Cyberattacks have increased since the COVID-19 pandemic. While information technology (IT)/operational technology (OT) convergence remains a hot topic, the conversation about cybersecurity for industrial control systems (ICS) has fallen on deaf ears in some cases. The evolution of ICS over the past 20 years has migrated designs away from safer proprietary networks and protocols to introduce common IT architectures and components into the OT network. This migration has involved implementations ranging from fragmented installations never maintained, to smart and sophisticated systems that are often maintained and updated (see Figure 1).
In either case, the evolutionary shift of connecting the plant floor to the IT datacenter has created exposure points with the potential to disrupt an industrial operation or create safety incidents that lead to damage, injury or fatalities in the worst possible case. More often, companies are being held ransom. There are national security breaches and interruptions to the global supply chain, leading led to immeasurable consequences. Cybersecurity is a critical component for businesses of all sizes, from local manufacturers to global industrial companies. It is no longer just an IT department problem; it’s also a critical OT component of ICS design, regardless of scope or size.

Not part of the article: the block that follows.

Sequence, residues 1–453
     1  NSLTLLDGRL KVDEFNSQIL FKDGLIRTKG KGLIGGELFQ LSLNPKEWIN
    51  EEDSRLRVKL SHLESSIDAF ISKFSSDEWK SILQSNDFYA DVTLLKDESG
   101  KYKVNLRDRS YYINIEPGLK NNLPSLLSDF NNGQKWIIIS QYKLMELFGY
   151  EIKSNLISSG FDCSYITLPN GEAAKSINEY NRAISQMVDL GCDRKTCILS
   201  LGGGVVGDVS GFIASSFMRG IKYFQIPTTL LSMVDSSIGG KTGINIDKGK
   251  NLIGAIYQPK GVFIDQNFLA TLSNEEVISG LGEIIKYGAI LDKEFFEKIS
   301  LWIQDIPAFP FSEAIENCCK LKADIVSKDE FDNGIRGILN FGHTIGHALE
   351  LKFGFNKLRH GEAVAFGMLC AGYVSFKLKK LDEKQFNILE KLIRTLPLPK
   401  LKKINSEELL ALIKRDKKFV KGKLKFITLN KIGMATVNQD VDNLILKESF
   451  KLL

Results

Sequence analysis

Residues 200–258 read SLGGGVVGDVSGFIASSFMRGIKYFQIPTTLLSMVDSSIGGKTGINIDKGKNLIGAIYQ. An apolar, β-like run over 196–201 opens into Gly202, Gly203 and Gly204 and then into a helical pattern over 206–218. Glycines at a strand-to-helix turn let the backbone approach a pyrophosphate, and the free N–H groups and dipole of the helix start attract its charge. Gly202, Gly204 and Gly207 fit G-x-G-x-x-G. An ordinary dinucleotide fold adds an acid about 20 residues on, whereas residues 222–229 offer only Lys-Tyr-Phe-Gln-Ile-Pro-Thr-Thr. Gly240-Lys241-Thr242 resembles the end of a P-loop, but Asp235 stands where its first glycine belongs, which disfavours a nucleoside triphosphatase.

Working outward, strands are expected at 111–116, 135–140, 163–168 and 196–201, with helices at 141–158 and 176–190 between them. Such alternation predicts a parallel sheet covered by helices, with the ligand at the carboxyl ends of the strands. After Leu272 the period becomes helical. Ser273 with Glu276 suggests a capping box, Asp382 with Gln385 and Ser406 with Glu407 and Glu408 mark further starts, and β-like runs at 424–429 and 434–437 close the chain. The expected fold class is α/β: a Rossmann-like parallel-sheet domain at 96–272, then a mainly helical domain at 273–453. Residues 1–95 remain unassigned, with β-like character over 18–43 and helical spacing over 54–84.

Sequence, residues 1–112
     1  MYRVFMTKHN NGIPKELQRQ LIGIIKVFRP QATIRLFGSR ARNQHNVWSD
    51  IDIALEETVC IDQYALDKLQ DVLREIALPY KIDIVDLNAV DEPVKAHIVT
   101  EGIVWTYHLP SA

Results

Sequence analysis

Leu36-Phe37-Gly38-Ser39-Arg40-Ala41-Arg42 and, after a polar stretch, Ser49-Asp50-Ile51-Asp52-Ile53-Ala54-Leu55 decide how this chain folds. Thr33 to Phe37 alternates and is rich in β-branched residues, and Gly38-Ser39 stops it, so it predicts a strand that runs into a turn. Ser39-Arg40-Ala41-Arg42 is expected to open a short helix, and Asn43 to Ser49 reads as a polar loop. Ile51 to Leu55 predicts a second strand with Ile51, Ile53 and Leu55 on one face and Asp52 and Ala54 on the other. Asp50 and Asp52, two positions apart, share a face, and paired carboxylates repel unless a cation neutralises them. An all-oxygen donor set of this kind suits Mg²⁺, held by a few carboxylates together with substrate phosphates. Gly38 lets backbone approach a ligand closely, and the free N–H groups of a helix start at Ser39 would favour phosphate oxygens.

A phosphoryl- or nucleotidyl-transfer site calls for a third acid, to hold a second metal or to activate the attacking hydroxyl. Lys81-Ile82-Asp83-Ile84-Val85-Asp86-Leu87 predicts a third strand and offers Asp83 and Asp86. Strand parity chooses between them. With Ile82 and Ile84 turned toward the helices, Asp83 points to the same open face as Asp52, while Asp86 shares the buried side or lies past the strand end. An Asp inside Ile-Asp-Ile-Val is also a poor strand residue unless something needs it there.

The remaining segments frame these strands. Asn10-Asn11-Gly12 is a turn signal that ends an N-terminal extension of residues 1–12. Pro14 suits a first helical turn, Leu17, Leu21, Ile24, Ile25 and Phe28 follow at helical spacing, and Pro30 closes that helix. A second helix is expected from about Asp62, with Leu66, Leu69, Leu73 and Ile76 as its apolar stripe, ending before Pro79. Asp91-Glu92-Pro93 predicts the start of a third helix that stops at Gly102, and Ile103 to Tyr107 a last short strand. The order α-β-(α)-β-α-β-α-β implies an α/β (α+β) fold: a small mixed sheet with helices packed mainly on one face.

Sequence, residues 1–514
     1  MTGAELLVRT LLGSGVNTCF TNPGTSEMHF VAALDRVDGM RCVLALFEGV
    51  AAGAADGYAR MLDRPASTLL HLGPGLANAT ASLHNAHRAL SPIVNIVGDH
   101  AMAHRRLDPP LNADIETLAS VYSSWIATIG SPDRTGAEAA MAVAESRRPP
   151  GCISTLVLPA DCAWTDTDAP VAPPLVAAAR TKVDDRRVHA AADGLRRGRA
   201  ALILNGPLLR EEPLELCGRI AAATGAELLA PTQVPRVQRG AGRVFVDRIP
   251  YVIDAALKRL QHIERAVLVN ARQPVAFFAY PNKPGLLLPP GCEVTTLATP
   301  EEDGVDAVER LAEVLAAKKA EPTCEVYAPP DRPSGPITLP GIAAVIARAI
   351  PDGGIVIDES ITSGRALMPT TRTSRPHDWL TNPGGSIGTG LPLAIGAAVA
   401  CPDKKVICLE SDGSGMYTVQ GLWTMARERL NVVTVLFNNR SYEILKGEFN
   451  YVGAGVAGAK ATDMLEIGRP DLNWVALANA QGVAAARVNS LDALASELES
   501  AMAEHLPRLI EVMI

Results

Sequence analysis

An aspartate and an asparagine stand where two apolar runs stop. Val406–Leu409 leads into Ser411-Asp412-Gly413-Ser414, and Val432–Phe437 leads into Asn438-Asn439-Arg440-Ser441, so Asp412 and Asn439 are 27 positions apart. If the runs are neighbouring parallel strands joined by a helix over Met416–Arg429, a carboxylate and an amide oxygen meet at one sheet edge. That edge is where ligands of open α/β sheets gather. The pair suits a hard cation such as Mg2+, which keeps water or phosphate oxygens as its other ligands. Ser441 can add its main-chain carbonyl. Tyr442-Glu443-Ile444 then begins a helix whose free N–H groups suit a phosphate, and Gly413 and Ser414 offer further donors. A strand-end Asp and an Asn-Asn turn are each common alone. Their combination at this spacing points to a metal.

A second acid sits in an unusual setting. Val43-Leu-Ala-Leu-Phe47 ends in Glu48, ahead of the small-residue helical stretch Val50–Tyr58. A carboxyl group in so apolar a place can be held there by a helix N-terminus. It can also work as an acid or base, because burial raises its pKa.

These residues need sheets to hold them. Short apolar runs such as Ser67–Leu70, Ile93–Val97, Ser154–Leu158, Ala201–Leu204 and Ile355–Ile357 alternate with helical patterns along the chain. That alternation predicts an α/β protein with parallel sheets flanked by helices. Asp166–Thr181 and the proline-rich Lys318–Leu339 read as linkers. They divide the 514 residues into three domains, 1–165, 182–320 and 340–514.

Elements of effective cybersecurity
Effective cybersecurity in any network employs well designed standards, thoughtful planning and consistent implementation. But the most important component of a comprehensive strategy is building the value of cybersecurity into the culture of the organization. If every member of the organization believes in the importance of keeping all business systems safe, secure and robust, the cybersecurity implementations are more likely to be successful. This is true on the OT network, which is often the most vulnerable. Engineering departments prioritize uptime and safety, keeping processes running and product going out the door. Cybersecurity is a key component, but real-world problems on the plant floor often take precedence. Intangible potential threats from the outside are harder to internalize into the built-in risk registers we operate against every day.
This vulnerability can be a difficult obstacle to overcome. Larger companies with mature IT organizations tend to dictate “thou shalt comply” to all who connect to their network. This can lead to friction when IT/OT convergence is not properly implemented. When IT and OT systems are interconnected on IT-owned equipment, it can wreak havoc on production environment. If system cybersecurity updates are deployed by an IT department without proper evaluation against the ICS, this can prevent machine communication and shut down production. When production is down, the number one focus becomes “how do I get my process back up and running safely?” Meanwhile, engineering must unravel what occurred to get systems back online and functioning.